Across the board, new graduates are fielding more job opportunities than last year or even last fall, college career counselors said. Some are taking jobs as independent contractors, trying to turn internships into paid positions, crowd sourcing for their startups and signing on to project work. Many are asking boldly in job interviews about work/life balance and favoring employers who paint an attractive, values-driven picture, Universum’s research shows.
This creates potential for small businesses to snap up talented graduates, many with strong skills in technology and teamwork, says Mason Gates, director of business development at CSO Research. “Instead of fitting employees in boxes, smaller companies are opening themselves up to be flexible or virtual. They might get the best young employees if they are open-minded.”
Gates, who works with universities’ career centers, says that for new graduates, taking on debt to get the job scenario they seek doesn’t scare them. “Their attitude is, ‘I will borrow more to start a company if I want to.’ They have a different view of their high level of debt. They can’t even grasp it.”
These 2014 graduates, members of the 80 million Generation Y, are projected eventually to set the tone in workplaces. Garcia believes employers will soon meet young workers halfway, giving them more of the flexibility and work/life balance they seek, and rewarding those who work smart from whereever they are situated.
Those employers who don’t could be in for high turnover. Alec Levenson, a research scientist at the Center for Effective Organizations at the USC Marshall School of Business, says employers are going to find that these young workers disengage when they experience work/life imbalance. Just like they’re doing with their job searches, Levenson believes there will always be some millennials who will go for the brass ring. Others will say, “I don’t need that” and look elsewhere.
2014 COLLEGE GRADUATES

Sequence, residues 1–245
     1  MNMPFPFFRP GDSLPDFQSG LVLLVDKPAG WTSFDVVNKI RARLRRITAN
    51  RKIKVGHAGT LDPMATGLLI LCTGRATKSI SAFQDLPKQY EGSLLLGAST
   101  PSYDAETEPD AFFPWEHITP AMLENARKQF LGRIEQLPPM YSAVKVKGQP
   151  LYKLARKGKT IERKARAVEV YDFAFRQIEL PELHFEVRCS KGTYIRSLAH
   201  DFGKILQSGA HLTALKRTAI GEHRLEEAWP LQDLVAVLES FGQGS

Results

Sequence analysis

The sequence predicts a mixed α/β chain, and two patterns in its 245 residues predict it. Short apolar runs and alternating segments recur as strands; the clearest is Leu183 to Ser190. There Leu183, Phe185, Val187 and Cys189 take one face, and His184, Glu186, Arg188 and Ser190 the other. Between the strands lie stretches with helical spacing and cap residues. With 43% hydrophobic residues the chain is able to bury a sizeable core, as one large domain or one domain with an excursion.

—Seventy-one percent of grads are leaving college with loans to pay off; the average size of that debt is $29,400, according to The Institute for College Access & Success.
—The average starting salary in the U.S. for new college graduates earning bachelor’s degrees in the first quarter of 2014 rose 1.2 percent year over year, according to the nonprofit National Association of Colleges and Employers’ April 2014 “Salary Survey” report.
—Nationally, employers say they plan to hire 8.6 percent more Class of 2014 graduates than they hired from the Class of 2013, according to a new survey from the National Association of Colleges and Employers.
—This year is expected to be a strong year for hiring nationwide, with 27 percent of employers planning to hire, according to the National Association for Business Economics.
—Only 11 percent of this year’s graduates are leaving college with a job offer in hand. Meanwhile, almost half of graduates from 2012 and 2013 report they are underemployed and working in jobs that have nothing to do with their college degrees, according to an Accenture survey.Comment on this story
ABOUT THE WRITER
Cindy Krischer Goodman is CEO of BalanceGal LLC, a provider of news and advice on how to balance work and life. She can be reached at email@example.com. Read her columns and blog at http://worklifebalancingact.com/.